You might call this the contortionist’s antitwister. It requires a beverage glass but leave out the beverage until you get the hang of it. A lighted candle on a tray also makes a good show, or a plate containing food. We describe it using a plate.
Hold out your right hand in front of you, palm up, and rest the plate on it. During what follows keep the plate upright, your hand parallel to the floor. You will be rotating your hand counterclockwise as viewed from above. Here goes. By raising your elbow turn your hand 180° so your fingers point toward you. Continue turning and you will reach 360°, your fingers pointing away again, although you will have to twist your wrist, arm, and shoulder leftwards to do it.
Now keep turning – you will need to raise the plate over your head but keep your palm parallel to the floor. After another 180° (one and a half turns total) you will be able to lower your arm and go a further 180°, to end up, arm as well as plate, right back where you started. The plate will have rotated 720°, two full turns, and you were holding it right-side up all the while.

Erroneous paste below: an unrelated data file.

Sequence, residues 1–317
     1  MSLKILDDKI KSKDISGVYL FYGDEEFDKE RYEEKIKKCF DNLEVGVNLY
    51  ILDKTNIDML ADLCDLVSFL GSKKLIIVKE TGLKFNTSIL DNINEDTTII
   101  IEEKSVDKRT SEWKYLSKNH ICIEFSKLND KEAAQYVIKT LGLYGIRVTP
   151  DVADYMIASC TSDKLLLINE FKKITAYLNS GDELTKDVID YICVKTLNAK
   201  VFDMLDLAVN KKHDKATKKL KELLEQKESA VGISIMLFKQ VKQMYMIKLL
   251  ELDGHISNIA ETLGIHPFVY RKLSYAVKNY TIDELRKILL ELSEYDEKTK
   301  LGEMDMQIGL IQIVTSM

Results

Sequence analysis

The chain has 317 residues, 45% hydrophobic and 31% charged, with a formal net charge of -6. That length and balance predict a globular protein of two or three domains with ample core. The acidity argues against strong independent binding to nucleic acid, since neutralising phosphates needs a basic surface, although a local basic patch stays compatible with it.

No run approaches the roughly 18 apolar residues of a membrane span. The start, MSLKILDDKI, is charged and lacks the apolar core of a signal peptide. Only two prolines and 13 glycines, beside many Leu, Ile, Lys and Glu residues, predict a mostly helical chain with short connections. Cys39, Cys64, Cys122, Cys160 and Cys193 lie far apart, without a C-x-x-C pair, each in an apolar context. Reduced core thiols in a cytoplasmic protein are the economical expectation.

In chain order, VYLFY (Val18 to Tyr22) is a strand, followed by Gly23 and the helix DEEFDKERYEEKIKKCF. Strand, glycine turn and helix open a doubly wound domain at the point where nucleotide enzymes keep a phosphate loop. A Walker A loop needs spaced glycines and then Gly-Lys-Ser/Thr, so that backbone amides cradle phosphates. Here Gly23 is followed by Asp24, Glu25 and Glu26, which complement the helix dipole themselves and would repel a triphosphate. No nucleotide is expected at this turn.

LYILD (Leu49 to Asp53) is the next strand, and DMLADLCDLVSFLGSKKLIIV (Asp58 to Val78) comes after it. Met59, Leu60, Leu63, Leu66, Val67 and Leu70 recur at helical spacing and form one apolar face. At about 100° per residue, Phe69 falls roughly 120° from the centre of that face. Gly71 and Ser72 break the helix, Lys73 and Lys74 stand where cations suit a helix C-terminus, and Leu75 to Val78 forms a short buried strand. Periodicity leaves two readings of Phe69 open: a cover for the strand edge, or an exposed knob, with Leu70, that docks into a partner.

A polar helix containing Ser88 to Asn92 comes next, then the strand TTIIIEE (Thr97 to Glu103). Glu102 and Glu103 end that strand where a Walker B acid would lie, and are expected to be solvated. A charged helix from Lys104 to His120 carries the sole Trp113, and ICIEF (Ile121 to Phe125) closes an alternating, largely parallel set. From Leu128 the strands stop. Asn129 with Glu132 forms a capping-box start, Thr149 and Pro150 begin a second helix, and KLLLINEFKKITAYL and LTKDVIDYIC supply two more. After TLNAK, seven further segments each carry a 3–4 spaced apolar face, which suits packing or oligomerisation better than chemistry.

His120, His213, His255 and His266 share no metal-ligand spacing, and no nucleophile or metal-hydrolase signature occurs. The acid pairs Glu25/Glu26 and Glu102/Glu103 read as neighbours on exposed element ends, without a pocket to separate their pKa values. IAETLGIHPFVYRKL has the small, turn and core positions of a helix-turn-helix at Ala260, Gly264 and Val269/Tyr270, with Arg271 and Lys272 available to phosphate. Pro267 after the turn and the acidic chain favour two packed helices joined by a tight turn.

In the video below Dick Van Dyke, as the character Caractacus Potts in a children’s movie of 1968, performs the plate trick. He uses his left hand instead of the right which makes his movement the mirror image of what we described above. He needs a bit more practice; at one point the plate tilts so much that if there were food on it it would slide off. (I imagine that because children were in the scene the director could film only so many retakes.)